Saturday, July 16, 2011


Seal of the United States Department of State.Image via Wikipedia
Yesterday, the Secretary of State announced that the US government has decided to recognize the rebel council of Libya as the official government body of that country. This will, in theory, lead to that body being able to get access to some of the funds of the Libyan government assets that have been frozen in foreign banks. I can't tell you how thrilled I am that our government is finally taking steps to recognize the legally elected representatives of the Libyan people...(oh, what's that you say, they haven't been elected by anybody). I'm sure that's just an oversight. At least when they get the money they will be able to provide the people of Libya with the resources I'm sure they so desperately need... (oh, what's that you say, they only want the money so that they can buy weapons to continue their civil war). Well at least the US government is setting a fine example for the Libyan people of supporting freedom movements all over the region... (oh, what's that you say, the US government has seen fit to ignore similar uprisings in neighboring countries like Syria where thousands have already been killed or imprisoned). Well at least the unfreezing of the assets can be viewed as humanitarian aid because it's not like we're at war...(oh, what's that you say, our drones sometimes fire rockets at targets). But since there has been no formal declaration of war and our President says that they have no real ability to harm our personnel that it doesn't qualify as war...(oh, what's that you say, just ask the family members of those that have been killed or injured by our rockets if they think we're at war).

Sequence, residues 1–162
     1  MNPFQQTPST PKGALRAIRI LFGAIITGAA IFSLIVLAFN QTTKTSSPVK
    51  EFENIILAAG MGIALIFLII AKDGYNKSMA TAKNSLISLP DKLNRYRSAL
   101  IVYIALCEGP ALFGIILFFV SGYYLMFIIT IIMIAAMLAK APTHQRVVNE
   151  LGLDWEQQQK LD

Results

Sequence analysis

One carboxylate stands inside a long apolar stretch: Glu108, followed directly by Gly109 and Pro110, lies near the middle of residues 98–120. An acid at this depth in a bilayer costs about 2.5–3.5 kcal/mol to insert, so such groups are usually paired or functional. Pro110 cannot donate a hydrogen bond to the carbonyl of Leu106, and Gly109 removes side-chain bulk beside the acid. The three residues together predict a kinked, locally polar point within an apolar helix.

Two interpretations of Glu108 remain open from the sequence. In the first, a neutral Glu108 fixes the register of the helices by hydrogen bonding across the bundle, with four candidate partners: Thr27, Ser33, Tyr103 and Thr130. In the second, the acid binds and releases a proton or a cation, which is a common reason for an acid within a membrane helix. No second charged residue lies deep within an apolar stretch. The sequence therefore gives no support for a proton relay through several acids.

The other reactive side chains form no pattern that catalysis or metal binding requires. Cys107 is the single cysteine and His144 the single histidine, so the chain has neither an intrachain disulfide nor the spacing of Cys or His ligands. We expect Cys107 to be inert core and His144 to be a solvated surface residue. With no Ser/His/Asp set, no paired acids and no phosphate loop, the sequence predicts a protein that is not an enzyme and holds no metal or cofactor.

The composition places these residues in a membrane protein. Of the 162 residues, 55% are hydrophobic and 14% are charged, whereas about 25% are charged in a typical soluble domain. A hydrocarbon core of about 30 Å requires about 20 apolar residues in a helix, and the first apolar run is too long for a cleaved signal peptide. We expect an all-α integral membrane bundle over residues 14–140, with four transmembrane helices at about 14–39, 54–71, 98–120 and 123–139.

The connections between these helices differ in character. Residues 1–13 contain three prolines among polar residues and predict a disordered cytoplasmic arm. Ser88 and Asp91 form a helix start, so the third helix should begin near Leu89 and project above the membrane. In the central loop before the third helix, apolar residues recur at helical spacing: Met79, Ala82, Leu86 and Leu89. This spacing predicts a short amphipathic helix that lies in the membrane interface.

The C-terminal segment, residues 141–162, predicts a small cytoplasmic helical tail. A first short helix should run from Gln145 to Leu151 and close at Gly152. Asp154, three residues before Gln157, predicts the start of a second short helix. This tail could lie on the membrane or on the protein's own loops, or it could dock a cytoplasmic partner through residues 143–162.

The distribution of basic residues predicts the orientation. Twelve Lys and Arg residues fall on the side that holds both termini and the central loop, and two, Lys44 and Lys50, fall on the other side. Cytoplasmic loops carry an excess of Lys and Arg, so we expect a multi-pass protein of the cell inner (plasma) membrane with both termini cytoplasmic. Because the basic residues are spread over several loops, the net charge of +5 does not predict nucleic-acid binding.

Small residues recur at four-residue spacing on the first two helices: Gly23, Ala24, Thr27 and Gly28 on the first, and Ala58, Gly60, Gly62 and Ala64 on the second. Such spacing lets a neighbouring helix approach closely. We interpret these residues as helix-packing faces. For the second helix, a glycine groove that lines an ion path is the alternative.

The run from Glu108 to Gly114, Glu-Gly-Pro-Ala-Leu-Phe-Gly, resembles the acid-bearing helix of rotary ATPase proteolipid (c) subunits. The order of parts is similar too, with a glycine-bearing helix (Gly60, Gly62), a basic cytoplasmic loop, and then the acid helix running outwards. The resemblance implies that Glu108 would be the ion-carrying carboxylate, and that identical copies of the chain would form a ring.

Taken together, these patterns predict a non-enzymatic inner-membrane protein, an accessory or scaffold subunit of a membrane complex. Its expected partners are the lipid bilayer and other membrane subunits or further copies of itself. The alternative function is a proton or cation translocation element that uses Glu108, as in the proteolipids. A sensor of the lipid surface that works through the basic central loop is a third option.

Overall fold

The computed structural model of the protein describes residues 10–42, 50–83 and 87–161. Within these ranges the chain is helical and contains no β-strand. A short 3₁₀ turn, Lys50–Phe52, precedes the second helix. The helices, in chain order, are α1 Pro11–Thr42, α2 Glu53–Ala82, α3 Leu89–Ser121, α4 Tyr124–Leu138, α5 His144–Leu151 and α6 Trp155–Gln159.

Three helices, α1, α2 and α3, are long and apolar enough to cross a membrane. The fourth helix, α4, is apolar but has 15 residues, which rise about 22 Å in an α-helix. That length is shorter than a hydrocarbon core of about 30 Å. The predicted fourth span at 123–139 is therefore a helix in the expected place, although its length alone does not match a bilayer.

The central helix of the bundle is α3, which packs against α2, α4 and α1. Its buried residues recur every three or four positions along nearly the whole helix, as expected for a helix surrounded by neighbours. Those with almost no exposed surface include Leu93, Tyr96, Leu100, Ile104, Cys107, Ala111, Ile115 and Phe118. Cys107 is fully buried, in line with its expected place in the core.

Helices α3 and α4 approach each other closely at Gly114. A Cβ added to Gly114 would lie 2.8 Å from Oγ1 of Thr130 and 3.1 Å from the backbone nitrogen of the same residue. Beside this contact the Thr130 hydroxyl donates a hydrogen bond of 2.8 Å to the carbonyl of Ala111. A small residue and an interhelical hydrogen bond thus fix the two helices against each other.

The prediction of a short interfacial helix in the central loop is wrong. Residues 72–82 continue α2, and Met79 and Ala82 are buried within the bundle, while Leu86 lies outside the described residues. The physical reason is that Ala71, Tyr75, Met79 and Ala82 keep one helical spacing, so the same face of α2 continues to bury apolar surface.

Well, in conclusion, I'd just like to say that this move by the US to recognize the Libyan rebels is a wonderful example of how we seek to promote and strengthen democracy around the world. I couldn't be prouder (oh, and by proud I mean absolutely disgusted).
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Friday, July 08, 2011

E Pluribus.

The words, “People shouldn’t fear their governments. Governments should fear their people.” were a small cast off remark by the imaginary terrorist “V” in Alan Moore’s (we can hardly call it “dystopian” anymore, much of it has come true in ‘90s London and ‘00s New York) “V for Vendetta.” The first time I was enlightened by the glare of those ten simple words I was riding a subway train, reading them in a serialized British comic book. I shut the pages, afraid someone might be reading over my shoulder. That was in 1988, -but to quote the words of singer songwriter Jello Biaffra, “We’ve Got a Bigger Problem, Now.